Hopes run high in India that Modi budget will deliver for business

Improving GDP numbers, soaring stock markets and lower oil prices are all factors that are working in the Indian government’s favour.

Many expect the main theme of the Indian budget to be higher outlays on public investments, particularly railways. Chandan Khanna / AFP
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MUMBAI // Expectations are riding high for Narendra Modi’s first full-year budget on Saturday as investors and companies hope that India’s government will deliver a wave of measures to make it easier to do business in the country and boost economic growth.

Plans for a new uniform goods and service tax, a rethink of India’s costly food and fuel subsidy schemes, incentives for the manufacturing sector and steps to improve infrastructure are among the main announcements that business leaders will be looking for.

This is Mr Modi’s second budget since he came to power last May in a landslide victory won on the promise of boosting India’s economy and his business-friendly attitude. The first one was delivered just weeks after he came into office but was widely considered to be underwhelming, adding to the pressure for Saturday’s announcement not to disappoint.

“Expectations are sky high,” says Pranjul Bhandari, the chief India economist at HSBC. “Markets are expecting the government to stick to the ambitious fiscal consolidation path it has inherited, and yet revive economic growth.”

Improving GDP numbers, soaring stock markets and lower oil prices are all factors that are working in the government’s favour. The IMF has predicted that India’s economic growth will outpace China’s in 2016, and has forecast growth of 6.3 per cent for India this year, up from 5.8 per cent in 2014.

“The budget could be more relevant for the market than usual,” said Dhananjay Sinha, the head of institutional research at Emkay Global Financial Services, based in Mumbai. “There is little scope for the budget to disappoint.”

Arun Jaitley, India’s finance minister, will present the budget.

“We expect the main theme of this budget to be higher outlays on public investments, particularly railways and also roads, financed by ploughing back much of the savings from oil,” said Ms Bhandari. “Revising the goods and services tax road map with realistic deadlines and putting states at the heart of improving business and growth environment are other themes we expect to see.”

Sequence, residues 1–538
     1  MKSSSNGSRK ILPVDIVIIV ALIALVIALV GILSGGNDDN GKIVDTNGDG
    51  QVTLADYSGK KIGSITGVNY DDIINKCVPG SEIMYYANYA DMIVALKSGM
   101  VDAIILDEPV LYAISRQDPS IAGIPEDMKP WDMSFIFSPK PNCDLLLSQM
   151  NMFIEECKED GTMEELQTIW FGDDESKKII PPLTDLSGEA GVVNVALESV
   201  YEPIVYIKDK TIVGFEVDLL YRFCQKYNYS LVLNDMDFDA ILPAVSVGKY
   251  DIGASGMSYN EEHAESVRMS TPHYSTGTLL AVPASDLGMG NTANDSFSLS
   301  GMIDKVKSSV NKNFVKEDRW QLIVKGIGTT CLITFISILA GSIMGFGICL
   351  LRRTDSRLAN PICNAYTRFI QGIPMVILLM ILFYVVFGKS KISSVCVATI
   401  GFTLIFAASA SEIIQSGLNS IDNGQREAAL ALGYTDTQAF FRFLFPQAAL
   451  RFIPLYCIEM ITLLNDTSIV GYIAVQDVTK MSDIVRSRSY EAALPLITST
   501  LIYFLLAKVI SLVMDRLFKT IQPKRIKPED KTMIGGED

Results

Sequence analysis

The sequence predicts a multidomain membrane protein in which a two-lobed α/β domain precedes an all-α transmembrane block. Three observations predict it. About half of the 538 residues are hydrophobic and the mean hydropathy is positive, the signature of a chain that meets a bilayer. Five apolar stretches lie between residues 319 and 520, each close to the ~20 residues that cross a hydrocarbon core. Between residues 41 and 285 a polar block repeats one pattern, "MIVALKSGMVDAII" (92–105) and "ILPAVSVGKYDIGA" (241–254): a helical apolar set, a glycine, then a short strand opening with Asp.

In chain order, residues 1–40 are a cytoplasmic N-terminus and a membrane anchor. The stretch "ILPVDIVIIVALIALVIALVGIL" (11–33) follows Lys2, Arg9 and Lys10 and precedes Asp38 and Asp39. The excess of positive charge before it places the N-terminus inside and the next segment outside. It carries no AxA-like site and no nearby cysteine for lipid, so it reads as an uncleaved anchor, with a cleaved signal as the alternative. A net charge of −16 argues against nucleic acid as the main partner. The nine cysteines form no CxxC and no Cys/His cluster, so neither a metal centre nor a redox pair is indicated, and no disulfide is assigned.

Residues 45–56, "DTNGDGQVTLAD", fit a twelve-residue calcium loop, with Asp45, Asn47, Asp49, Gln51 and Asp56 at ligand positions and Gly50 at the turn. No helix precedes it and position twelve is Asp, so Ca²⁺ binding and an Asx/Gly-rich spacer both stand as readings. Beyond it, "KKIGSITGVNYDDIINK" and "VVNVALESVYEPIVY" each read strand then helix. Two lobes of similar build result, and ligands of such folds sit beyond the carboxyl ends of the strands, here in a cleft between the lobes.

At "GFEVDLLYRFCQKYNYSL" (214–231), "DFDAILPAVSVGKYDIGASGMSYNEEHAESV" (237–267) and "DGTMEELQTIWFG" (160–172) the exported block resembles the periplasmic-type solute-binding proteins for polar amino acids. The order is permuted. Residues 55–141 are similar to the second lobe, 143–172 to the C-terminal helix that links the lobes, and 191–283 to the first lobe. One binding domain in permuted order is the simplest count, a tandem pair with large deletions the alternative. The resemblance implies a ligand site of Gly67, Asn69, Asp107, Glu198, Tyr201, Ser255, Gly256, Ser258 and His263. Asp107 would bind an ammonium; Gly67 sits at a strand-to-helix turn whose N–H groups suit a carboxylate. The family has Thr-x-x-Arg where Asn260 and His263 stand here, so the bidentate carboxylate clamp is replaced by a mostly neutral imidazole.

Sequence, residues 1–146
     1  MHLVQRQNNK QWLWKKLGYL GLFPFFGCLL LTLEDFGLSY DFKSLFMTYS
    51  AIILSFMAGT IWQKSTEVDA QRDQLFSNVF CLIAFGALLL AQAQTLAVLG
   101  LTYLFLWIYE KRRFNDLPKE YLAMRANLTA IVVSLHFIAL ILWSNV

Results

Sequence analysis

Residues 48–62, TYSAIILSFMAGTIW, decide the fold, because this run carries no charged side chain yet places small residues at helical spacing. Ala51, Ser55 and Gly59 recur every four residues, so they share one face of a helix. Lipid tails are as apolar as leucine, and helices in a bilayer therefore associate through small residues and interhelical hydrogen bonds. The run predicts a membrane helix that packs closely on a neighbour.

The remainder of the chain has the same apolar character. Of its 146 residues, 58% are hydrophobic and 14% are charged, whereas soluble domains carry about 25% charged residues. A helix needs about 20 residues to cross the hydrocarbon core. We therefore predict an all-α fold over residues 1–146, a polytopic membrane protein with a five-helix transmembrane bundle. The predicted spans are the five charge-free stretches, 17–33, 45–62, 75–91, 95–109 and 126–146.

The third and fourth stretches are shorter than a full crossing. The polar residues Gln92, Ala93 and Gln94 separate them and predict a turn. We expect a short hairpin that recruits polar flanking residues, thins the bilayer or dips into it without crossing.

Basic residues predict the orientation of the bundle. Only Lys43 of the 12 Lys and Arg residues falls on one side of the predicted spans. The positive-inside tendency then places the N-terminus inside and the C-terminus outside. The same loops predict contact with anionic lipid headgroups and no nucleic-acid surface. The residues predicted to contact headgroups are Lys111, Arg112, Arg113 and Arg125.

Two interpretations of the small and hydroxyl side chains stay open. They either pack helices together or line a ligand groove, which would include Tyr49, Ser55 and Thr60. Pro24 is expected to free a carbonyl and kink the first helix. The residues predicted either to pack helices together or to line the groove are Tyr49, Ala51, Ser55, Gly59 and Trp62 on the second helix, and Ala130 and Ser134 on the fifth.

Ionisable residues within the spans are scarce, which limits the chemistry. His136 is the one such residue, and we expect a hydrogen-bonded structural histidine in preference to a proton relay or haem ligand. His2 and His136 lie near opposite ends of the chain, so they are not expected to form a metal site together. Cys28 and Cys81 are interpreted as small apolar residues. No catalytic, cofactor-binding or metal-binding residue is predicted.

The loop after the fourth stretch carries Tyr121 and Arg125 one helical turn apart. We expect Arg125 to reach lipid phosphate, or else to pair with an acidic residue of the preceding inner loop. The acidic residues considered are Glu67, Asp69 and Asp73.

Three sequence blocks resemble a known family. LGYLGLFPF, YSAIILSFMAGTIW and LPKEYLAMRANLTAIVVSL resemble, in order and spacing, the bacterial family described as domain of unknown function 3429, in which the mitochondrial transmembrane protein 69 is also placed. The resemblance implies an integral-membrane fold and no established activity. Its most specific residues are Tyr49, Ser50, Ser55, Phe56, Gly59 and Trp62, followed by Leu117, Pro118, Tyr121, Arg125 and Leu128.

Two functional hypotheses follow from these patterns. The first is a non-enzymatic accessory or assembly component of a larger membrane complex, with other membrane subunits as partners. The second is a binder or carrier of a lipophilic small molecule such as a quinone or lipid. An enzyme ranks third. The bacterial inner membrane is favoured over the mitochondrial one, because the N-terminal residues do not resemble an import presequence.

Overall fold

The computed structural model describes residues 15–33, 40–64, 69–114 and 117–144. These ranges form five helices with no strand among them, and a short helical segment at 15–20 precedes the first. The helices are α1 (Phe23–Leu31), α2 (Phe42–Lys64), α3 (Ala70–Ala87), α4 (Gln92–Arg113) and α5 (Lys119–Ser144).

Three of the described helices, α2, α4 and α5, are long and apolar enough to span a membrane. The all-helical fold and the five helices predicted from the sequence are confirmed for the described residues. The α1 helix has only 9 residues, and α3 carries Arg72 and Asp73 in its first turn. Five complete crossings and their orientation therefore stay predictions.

Hariprakash Pandey, vice president, finance and investor relations at HDIL, a property developer based in Mumbai, said that he would be looking out for plans to boost the affordable housing sector in the budget.

“We expect that this budget will be growth-orientated, one that would fuel in investments and would facilitate ease of doing business in India through reform measures and stable taxation policies,” he said.

Stock markets in India are normally closed on Saturdays but will open this Saturday for the budget. Stocks are expected to fall sharply if the budget fails to meet expectations, which might also prompt the Indian rupee to weaken.

The benchmark Bombay Stock Exchange index was flat yesterday, with the Sensex closing at 29,007.99 points. The index is up 5.5 per cent from the start of the year. The rupee, meanwhile, strengthened nearly 0.5 per cent yesterday to 62.02 per dollar in late afternoon Mumbai trading.

The Federation of Indian Chambers of Commerce and Industry, which conducted a survey of 150 companies, said that the respondents were “cautiously optimistic” and “pinning their hopes on the direction of reforms” from the budget.

“They expect the government to continue pursuing the broad economic agenda and take tangible steps towards its completion,” the federation said. “It was unanimously felt that the government should step up action on ease of doing business, and especially towards simplification of taxes in the forthcoming budget.”


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